Editor: David Reiss
Brooklyn Law School

June 18, 2013

CFPB Complaints Vary by State, Unsurprisingly

By David Reiss

The Baltimore Sun quoted me today in Marylanders Aren’t Shy About Complaining: New Federal Consumer Agency Finds State Residents Quick to Gripe About Mortgages, Credit Cards, Banks. The story opens,

Marylanders are big complainers.

At least when it comes to the financial services they receive.

Maryland ranked No. 2 in the nation in mortgage complaints per capita, second only to New Hampshire, for grievances lodged with the Consumer Financial Protection Bureau. The state came in third for grousing about credit cards and placed fifth for gripes about banks and service.

The CFPB’s database, launched toward the end of 2011, catalogs thousands of gripes about banking, credit cards and mortgages that the newfound agency has received. The agency forwards complaints — ranging from disputes about billing and interest rates on credit cards to incorrect information on credit reports and problems with loan payments — to the businesses involved. Not all complaints are resolved.

Why are Marylanders more motivated to complain? Experts point to the state’s higher education levels, relative wealth and proximity to the do-gooders in Washington, D.C.

“Education level predicts complaint behavior, and this is a very well-educated area,” said Rebecca Ratner, a professor of marketing at the University of Maryland’s Robert H. Smith School of Business.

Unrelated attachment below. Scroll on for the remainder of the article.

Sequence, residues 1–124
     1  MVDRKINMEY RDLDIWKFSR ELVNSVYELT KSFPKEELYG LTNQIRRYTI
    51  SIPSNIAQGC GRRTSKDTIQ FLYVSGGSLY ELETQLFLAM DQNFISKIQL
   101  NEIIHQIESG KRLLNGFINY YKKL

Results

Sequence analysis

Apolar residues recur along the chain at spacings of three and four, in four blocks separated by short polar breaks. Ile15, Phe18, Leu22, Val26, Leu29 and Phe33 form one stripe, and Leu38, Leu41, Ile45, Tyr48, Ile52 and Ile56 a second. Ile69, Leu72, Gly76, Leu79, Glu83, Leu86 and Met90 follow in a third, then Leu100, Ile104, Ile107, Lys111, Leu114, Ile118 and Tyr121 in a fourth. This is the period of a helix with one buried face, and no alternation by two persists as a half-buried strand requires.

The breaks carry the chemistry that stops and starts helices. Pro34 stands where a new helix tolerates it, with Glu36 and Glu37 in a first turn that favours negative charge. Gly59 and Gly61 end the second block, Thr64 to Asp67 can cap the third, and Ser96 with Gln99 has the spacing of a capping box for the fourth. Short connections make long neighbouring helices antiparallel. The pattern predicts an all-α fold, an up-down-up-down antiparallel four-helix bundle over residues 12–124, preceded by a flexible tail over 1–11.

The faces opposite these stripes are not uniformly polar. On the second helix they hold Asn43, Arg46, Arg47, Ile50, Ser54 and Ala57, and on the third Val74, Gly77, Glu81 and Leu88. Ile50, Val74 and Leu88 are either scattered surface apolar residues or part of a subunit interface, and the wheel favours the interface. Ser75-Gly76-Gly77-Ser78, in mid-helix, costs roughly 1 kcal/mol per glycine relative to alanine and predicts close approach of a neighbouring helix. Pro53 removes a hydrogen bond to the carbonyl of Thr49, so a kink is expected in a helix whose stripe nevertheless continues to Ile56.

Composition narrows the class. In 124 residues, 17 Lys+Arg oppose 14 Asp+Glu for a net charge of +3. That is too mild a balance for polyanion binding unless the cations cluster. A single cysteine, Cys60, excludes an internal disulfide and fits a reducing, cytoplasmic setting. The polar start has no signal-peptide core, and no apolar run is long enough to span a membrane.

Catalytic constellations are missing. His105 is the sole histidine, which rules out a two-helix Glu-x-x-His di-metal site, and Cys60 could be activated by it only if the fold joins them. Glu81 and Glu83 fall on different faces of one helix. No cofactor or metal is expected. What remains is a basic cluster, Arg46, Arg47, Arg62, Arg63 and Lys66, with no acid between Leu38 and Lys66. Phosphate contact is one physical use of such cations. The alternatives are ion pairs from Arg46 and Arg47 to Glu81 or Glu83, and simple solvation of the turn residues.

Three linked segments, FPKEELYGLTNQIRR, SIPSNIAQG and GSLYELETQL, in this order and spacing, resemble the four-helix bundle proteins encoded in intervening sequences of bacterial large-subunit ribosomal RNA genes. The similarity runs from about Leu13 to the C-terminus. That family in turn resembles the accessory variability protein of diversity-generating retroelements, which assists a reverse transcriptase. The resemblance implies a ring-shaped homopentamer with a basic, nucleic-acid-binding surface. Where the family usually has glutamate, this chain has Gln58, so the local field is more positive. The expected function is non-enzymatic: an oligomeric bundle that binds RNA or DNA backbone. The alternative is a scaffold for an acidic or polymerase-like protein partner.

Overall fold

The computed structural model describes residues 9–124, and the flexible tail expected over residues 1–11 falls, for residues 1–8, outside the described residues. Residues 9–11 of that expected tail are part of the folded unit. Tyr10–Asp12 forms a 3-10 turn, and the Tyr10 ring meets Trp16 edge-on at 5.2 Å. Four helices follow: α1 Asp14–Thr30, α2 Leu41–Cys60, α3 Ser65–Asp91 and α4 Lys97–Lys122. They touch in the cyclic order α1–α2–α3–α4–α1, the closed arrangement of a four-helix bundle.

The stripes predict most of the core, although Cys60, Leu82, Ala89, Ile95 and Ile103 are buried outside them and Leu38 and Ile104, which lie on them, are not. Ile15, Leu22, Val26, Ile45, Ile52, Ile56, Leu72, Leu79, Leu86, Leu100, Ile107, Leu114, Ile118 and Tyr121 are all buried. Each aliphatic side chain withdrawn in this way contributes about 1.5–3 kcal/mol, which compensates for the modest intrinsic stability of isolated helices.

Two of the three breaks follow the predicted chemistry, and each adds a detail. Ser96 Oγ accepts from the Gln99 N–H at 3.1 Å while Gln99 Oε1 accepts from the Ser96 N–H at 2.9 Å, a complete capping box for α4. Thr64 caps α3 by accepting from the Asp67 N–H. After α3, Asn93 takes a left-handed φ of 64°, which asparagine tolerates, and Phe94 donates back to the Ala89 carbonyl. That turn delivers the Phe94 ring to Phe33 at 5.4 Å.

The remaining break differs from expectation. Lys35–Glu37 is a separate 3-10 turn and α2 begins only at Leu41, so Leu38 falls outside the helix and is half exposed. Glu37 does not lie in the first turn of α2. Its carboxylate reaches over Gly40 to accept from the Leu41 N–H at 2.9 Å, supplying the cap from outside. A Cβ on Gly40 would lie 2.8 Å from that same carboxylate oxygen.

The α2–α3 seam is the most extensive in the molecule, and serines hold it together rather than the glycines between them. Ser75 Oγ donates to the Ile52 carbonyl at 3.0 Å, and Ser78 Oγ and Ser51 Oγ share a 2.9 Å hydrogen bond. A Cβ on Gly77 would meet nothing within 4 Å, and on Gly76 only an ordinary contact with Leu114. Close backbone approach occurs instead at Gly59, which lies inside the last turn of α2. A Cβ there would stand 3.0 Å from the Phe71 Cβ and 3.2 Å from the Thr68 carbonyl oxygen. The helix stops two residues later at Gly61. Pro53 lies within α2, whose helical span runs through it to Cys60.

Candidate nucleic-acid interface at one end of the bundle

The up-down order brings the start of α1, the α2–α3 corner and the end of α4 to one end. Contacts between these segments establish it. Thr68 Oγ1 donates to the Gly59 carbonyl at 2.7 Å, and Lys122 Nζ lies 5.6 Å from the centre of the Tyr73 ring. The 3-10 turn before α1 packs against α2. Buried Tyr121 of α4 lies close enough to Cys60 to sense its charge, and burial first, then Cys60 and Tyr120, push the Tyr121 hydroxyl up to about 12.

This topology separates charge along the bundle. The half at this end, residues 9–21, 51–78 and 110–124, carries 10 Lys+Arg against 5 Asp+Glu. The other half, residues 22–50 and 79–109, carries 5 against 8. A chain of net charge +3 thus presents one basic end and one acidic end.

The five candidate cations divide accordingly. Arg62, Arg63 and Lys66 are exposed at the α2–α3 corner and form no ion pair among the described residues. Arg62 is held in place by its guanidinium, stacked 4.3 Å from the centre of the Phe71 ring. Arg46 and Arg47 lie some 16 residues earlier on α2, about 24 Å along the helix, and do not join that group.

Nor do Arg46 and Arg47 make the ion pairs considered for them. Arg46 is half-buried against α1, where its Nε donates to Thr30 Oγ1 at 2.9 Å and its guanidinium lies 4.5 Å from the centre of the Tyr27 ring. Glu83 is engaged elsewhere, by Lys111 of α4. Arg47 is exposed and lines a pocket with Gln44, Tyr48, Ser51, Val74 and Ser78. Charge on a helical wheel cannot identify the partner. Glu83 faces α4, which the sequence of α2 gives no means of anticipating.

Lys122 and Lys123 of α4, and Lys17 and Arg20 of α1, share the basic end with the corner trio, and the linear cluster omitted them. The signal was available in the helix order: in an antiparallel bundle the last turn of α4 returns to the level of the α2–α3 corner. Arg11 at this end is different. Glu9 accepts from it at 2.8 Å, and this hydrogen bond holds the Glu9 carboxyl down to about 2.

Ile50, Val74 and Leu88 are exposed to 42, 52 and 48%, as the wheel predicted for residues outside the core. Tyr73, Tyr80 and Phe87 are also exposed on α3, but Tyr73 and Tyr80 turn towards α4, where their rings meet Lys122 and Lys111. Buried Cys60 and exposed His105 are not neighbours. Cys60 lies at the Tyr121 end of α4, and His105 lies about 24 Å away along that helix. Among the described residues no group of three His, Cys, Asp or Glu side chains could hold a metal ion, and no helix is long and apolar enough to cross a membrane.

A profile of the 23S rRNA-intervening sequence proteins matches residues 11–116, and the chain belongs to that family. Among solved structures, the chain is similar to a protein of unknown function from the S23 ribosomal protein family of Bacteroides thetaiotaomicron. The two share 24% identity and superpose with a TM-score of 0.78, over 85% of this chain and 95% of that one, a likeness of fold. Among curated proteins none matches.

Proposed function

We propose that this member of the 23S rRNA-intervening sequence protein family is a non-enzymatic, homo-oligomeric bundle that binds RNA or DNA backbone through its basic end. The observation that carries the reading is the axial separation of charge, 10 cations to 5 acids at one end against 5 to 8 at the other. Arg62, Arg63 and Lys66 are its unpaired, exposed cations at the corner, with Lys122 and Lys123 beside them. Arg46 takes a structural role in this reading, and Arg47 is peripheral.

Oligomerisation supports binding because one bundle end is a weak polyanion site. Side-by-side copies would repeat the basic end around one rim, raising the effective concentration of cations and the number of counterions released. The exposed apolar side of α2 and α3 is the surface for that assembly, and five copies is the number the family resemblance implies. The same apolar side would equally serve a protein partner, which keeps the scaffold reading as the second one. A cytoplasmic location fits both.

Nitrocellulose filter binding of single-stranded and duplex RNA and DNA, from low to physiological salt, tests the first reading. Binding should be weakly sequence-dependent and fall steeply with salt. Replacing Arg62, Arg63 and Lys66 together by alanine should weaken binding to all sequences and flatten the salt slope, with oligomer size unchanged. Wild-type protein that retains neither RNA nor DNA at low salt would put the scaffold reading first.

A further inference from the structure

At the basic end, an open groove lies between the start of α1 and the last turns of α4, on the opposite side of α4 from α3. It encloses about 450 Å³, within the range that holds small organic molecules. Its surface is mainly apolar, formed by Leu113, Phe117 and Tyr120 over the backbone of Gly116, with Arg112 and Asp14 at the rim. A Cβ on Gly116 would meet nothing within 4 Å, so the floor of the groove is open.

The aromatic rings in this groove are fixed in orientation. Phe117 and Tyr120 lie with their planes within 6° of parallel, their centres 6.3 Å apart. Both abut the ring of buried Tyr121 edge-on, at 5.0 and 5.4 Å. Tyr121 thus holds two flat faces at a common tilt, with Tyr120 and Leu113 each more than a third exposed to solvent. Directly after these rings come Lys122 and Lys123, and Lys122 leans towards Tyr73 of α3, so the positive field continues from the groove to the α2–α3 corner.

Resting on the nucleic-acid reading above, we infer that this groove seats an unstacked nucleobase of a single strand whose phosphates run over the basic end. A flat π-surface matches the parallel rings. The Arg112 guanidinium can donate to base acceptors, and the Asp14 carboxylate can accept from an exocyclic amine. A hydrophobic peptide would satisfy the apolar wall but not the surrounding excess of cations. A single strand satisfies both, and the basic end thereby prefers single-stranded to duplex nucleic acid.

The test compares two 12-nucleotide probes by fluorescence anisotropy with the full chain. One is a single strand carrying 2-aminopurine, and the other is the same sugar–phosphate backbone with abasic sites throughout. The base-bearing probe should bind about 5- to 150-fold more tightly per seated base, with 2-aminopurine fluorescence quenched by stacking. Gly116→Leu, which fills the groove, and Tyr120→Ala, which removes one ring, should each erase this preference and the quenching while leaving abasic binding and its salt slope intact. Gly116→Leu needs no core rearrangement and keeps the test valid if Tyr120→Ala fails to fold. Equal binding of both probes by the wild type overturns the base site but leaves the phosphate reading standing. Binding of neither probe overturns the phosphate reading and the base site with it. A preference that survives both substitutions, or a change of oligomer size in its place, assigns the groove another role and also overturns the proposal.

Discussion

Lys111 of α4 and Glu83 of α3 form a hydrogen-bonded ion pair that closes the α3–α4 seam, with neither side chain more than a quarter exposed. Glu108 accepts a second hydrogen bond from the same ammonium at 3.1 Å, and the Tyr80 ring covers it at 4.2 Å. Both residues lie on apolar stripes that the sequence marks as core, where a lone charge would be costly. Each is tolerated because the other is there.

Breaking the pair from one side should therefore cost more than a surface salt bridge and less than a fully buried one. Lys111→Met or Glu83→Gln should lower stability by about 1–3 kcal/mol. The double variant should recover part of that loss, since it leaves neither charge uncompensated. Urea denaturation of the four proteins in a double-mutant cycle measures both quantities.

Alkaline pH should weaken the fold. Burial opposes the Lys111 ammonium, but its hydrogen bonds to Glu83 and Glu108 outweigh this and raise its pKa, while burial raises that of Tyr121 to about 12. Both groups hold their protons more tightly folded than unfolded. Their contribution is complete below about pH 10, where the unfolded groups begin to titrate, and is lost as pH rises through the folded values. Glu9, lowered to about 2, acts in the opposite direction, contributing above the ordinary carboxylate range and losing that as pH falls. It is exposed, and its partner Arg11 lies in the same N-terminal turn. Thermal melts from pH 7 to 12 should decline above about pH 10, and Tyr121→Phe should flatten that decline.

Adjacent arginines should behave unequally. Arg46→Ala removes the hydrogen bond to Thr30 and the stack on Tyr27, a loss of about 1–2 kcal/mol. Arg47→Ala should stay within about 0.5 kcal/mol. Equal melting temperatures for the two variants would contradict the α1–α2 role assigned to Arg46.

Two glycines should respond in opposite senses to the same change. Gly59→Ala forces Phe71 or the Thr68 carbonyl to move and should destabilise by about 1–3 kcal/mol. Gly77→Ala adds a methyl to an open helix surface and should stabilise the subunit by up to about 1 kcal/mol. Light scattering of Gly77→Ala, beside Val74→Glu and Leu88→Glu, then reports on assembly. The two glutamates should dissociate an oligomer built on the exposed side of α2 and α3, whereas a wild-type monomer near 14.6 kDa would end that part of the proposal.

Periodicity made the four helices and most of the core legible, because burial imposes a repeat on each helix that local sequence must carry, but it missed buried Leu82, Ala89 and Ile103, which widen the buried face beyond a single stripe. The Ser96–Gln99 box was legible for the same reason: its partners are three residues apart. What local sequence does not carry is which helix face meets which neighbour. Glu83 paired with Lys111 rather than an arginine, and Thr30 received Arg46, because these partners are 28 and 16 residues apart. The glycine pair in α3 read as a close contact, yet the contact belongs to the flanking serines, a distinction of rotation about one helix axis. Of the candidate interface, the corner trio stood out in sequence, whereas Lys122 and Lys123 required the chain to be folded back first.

The more educated consumers are the more likely they are to feel that they can affect outcomes and know what steps to take to complain, Ratner said.

Consumers here also are more aware of the new agency because of our proximity to Washington, the CFPB’s home, she said.

Indeed, Washingtonians also are big whiners, ranking No. 1 in complaints about bank accounts and credit cards and coming in third for mortgage grievances.

Consumers near the Beltway also may have more faith in the government to correct problems, given that they are likely to have friends and neighbors who work for Uncle Sam, said David Reiss, a professor at Brooklyn Law School with an expertise in consumer finance.

“The federal government has a face when you live in Maryland and D.C.,” he said.

Maryland also has the highest median income in the country. Moneyed consumers, Reiss said, are more inclined to speak up when there’s a problem.

“Wealthier people are more likely to expect more from financial institutions,” he said.

They also know that financial institutions are regulated and can be held accountable, he said.

The rest of the story is here.

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